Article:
Post - Top - Home - Printer Friendly - Translate

Subject: RE: Concertina action constructions
From: GUEST,disgusted tunbridge wells
Date: 21 Mar 14 - 07:21 AM

Bert, they are both Unisonic and Bisonic, the Unisonic has two familes the Duet and the English.
Duets always have bass left, treble right, I know nothing about the English


Post - Top - Home - Printer Friendly - Translate

Subject: RE: Concertina action constructions
From: GUEST,chris
Date: 21 Mar 14 - 11:29 AM

Have a look at Rock Chidley's action
Chris


Post - Top - Home - Printer Friendly - Translate

Subject: RE: Concertina action constructions
From: Guran
Date: 21 Mar 14 - 12:38 PM

Caterpillar wrestler,

"riveted...wear to the point where the lever becomes liable to break"

G: I haven't come across that before..only wear enough to make the connection loose and at the other end getting stuck from debris if not been used enough

"...the hook system does not ensure such a quick return of the pad to its sealing position when the button is released"

G:I have experimented with this and if the spring tension is accurate ( meaning a button touch pressure usually of 50-75 gram ) and no defects are present this should not happen. IF however you for some reason wish to use an extremely low button resistance ( with the risk loosing tightness of pads) the riveted system is safer

" The whole lever can move away from the fulcrum when depressed and so take longer to return to its rest position. You have to be playing really fast pieces to detect anything.."

G: I was intrigued by the similar report many years ago but then with a claim that it caused rattle and clicking ( said being inherent with Lachenals) so I set up a test trying to observe the phenomenon. Some escape by the lever did happen, but only at a speed of 2000+ beats per minute - varying a little between different levers. No clicking or escape could be detected at normal/fast playing conditions. ( No-one plays as fast as 2000 beats/min...)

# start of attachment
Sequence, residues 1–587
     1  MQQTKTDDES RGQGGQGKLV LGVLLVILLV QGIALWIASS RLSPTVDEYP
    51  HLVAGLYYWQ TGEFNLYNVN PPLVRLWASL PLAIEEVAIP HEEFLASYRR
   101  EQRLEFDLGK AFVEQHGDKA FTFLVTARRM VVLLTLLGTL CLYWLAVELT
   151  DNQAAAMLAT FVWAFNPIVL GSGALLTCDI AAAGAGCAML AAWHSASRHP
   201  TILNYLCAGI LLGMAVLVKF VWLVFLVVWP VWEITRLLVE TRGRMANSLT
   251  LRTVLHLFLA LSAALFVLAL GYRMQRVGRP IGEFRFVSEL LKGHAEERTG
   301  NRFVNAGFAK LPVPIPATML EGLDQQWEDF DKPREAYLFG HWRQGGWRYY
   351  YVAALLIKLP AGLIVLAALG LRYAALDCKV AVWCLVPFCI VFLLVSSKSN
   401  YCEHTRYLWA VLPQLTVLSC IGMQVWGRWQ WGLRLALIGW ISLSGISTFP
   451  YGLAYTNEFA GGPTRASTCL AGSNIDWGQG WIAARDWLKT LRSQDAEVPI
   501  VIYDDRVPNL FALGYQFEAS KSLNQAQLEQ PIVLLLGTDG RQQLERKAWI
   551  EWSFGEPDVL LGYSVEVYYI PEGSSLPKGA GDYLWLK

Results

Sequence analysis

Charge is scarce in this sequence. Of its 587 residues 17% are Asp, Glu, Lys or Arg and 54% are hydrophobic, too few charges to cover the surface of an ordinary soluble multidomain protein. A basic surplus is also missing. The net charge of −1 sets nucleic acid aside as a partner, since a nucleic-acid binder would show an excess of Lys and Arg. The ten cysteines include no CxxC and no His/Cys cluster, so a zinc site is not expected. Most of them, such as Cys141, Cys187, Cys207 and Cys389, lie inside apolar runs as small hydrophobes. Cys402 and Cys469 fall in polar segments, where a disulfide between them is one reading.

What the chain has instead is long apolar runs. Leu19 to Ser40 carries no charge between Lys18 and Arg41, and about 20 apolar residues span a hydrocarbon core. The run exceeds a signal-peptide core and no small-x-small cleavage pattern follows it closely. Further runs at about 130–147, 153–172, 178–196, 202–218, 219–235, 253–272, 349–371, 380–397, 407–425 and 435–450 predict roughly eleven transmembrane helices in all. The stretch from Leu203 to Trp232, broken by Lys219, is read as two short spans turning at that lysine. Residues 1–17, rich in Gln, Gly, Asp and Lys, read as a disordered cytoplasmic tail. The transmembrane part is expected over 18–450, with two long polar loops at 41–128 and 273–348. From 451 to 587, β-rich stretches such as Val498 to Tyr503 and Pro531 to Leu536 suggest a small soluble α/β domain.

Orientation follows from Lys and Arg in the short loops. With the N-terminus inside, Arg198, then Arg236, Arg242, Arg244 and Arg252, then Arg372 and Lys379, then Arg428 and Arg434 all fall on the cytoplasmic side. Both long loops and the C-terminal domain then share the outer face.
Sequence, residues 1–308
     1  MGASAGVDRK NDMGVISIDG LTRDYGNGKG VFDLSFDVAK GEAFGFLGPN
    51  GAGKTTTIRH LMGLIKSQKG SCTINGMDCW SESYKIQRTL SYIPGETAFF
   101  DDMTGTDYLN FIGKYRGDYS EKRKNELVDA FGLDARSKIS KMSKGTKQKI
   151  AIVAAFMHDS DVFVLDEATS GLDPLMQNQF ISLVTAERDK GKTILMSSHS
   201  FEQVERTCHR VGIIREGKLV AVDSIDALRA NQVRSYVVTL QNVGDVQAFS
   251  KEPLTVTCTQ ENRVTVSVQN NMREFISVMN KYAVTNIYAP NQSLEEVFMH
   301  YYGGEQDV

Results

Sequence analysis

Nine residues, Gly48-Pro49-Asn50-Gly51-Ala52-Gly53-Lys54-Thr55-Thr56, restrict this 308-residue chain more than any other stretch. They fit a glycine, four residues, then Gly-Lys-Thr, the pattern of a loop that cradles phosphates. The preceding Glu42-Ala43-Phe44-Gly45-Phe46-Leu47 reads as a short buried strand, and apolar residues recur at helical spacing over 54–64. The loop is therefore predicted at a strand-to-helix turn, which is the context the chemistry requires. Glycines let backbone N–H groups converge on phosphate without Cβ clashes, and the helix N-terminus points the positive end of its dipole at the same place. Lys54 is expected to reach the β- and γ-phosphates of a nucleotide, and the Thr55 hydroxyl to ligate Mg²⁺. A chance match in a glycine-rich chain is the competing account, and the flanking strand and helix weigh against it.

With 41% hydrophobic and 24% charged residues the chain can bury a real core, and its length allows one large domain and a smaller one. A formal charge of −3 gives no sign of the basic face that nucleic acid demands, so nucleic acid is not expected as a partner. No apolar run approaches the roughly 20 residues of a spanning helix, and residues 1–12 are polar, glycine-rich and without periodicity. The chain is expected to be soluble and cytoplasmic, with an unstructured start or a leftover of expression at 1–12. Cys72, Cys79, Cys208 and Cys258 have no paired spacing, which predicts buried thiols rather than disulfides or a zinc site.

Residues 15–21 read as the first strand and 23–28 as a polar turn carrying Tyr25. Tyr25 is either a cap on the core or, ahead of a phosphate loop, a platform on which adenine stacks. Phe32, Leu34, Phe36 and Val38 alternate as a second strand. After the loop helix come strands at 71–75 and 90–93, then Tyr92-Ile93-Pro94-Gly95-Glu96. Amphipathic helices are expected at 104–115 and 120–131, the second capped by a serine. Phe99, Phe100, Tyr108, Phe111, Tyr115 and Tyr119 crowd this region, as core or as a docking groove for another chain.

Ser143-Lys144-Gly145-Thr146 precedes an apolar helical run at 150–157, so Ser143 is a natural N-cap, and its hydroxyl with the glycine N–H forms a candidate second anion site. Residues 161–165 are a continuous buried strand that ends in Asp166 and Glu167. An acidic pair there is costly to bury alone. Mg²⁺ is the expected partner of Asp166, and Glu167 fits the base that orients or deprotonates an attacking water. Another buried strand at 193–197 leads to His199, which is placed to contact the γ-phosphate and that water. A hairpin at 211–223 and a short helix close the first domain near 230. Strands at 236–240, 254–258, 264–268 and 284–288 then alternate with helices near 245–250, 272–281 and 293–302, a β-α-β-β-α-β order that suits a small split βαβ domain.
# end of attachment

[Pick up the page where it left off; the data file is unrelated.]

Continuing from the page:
"Perfection would be a frictionless pivot in a split lever that passed both sides of the post".

G: I haven't seen a split lever. Split posts have been tried by several makers (see below) and mechanically this does look better than the asymmetric variant. Ideally I would use that also ( IF using an axis/rivet at all) but adding a ball/bead at each side between the lever and post. The question is if such a mechanically perfected solution would have any significant effect on musical performance...

Chris,

Yes, Rock Chidley used a forked post on instruments with his own label and so did some other old time makers too. Some modern makers/repairers use it also both on new instruments and old ones. I know that some people have had the action exchanged to this type. In theory it does look neat but again - does it really mean any real improvement in practise? And what in such case?


Post - Top - Home - Printer Friendly - Translate

Subject: RE: Concertina action constructions
From: GUEST,chris
Date: 21 Mar 14 - 01:12 PM

I think that you are confusing the action post used by such makers as Wim Wakker and The one made by Rock Chidley - I believe that the post used by Rock Chidley is unique. The post used by Nickolds and Wim Wakker are based on one of the posts illustrated in Wheatstone's 1844 patent. Not sure why Wheatstone's riveted action is more valued than those riveted actions made by George Case and George Jones - same principle. I doubt that Chidley's action has anymore friction issues than the various riveted actions, the lever also rotates around an axle.
Chris


Post - Top - Home - Printer Friendly - Translate

Subject: RE: Concertina action constructions
From: Guran
Date: 22 Mar 14 - 12:45 PM

Chris, in order not to speak aside of each other...YOU are not possibly THE CHRIS (Flint) having written the excellent "Actions" survey?